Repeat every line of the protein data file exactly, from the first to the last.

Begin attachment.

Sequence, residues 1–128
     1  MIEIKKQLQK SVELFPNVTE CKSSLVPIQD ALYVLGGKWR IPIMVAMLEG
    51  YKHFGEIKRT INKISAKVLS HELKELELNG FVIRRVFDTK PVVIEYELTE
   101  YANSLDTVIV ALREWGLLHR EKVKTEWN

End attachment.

Sequence, residues 1–128
     1  MIEIKKQLQK SVELFPNVTE CKSSLVPIQD ALYVLGGKWR IPIMVAMLEG
    51  YKHFGEIKRT INKISAKVLS HELKELELNG FVIRRVFDTK PVVIEYELTE
   101  YANSLDTVIV ALREWGLLHR EKVKTEWN